The four steps of evaluating an NFT project
- Know what you want to achieve.
- Seek out a project.
- Do your homework.
- Purchase an NFT.
Know your goal
Consider why you want an NFT before you buy one:
- To save money on gas, try purchasing an NFT from a chain like Polygon or Solana. For further information, see my gas guide.
- If you want to help a creator or enjoy their work, you probably already have a project in mind.
- If you choose to invest, keep in mind that NFTs carry a significant level of risk. Many “blue clip” ventures are costly, and a large number of new projects fail. NFT investors must devote a significant amount of time to chase alpha (e.g., getting the latest intel on hot projects).
The advice below is essential reading regardless of your goal.
Find a project
Here’s how to locate a worthwhile NFT project:
- Look for projects that are currently popular. On OpenSea, CryptoSlam, and NonFungible, you can search for NFT projects by volume. You can also find popular projects at the last minute using premium tools like Icy.tools, Nansen, and Moby.gg.
- Collectors of NFTs should be followed. Top NFT collectors deal in enormous quantities of NFTs and are frequently the first to learn about new projects. Moby.gg, for example, allows you to view recent collector transactions. Collectors can also be followed on Twitter (follow the NFT topic to start).
- Join one of the NFT communities. To get the most up-to-date alpha on projects, join the NFT community. The Odyssey community is a great location to learn about NFTs (and it’s free). Most of the most popular NFT communities have a paywall (e.g., Metaverse, FWB, and CPG Club).
One thing is certain: if you receive a Discord DM about an NFT project, disregard it. That guy is most likely a con artist after your wallet’s seed phrase. When you join new servers, turn off Discord DMs.
Do your research
After you’ve found a project, look at its website, social media accounts, and community to learn more about it:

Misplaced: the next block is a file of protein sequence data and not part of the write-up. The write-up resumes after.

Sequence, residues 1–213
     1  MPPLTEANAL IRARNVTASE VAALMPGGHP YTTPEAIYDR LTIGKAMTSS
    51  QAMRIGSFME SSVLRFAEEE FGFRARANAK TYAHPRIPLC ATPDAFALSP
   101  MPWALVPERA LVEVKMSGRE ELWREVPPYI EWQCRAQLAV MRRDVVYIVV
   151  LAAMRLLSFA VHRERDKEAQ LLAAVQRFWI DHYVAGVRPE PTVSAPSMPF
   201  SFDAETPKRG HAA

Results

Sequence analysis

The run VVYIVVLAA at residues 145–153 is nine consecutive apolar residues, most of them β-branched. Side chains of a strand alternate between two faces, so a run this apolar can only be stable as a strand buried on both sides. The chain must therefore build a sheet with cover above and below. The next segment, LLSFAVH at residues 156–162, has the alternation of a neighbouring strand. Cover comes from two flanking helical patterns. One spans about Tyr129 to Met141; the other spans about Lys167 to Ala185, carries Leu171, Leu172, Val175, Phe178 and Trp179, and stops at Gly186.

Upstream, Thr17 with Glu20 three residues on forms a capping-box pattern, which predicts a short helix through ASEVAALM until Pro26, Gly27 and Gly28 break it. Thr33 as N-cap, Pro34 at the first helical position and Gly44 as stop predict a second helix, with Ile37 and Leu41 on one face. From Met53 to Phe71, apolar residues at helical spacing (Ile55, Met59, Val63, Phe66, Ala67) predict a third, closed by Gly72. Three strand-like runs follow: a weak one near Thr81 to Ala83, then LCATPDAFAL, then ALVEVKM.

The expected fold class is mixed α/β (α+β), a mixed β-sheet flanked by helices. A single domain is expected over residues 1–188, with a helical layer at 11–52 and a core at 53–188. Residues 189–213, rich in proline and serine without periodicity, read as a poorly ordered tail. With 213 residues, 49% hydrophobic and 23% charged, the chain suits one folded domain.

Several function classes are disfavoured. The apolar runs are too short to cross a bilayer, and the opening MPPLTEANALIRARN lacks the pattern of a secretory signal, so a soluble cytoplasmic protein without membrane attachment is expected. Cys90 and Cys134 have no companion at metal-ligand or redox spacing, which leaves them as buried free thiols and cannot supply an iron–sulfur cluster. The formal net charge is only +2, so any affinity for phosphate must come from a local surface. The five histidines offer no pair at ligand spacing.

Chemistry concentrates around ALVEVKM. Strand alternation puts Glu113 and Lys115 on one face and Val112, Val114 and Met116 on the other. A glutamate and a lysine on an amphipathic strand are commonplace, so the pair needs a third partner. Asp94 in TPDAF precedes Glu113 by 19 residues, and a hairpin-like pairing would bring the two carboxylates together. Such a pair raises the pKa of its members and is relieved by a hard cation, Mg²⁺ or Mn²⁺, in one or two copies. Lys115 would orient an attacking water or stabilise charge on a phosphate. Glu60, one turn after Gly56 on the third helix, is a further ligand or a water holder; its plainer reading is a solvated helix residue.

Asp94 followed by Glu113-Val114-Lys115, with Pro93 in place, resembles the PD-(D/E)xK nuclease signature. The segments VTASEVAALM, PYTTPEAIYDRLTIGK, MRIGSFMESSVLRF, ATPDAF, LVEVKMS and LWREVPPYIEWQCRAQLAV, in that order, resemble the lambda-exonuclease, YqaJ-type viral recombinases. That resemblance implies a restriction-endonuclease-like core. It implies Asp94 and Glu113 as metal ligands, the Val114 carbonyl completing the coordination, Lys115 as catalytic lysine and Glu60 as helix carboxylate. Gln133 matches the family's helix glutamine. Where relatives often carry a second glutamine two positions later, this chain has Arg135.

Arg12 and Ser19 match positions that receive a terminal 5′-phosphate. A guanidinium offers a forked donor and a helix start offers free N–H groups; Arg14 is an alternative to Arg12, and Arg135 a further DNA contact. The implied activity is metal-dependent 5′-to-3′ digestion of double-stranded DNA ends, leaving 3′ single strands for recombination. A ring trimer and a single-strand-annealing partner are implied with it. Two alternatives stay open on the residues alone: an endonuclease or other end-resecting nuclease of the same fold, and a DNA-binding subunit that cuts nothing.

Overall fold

- What is the project’s mission statement? Do you have any interest in the mission?
- Who are the members of the project’s core team? Do you enjoy what they’ve done before? Do they have the necessary skills (e.g., designer, developer, community manager) to carry out the project?
- Is there a plan in place for the project to deliver clear usefulness over time? Are there going to be any fresh NFT drops, for example?
- Is the core crew involved in the local community? Are members enthusiastic about the project’s plans or are they merely interested in gambling on prices? How many people are involved in the neighborhood?
- Are NFT collectors commenting about the initiative on social media? When you search for the project’s name on Twitter, what do you find?
If the project has already been minted, you can seek further indications by visiting its profile on an NFT marketplace (for example, Wanderers on OpenSea):
- Is the project checked and verified? Scammers will sometimes create bogus projects with the same name.
- Owners: How many goods does each owner have? It’s a positive sign that the project isn’t concentrated in the hands of a few collectors if there are 2-3 things per owner (split items by owners).
- Minimum price: Is the floor price still in place? If there are a lot of floor listings, it’s a hint that the project is being abandoned.
- Rarity: The rarity of an NFT indicates its value. Collectors frequently (but not always) seek out the project’s rarest NFTs. Look up NFT rarity for Ethereum and Solana NFTs using rarity.tools and howrare.is, respectively.
Buy and NFT (or maybe not)
You’re ready to acquire the NFT once you’ve found a project that interests you and done your own research.
- For the first time, minting (producing) the NFT.
- Purchasing NFTs on the secondary market.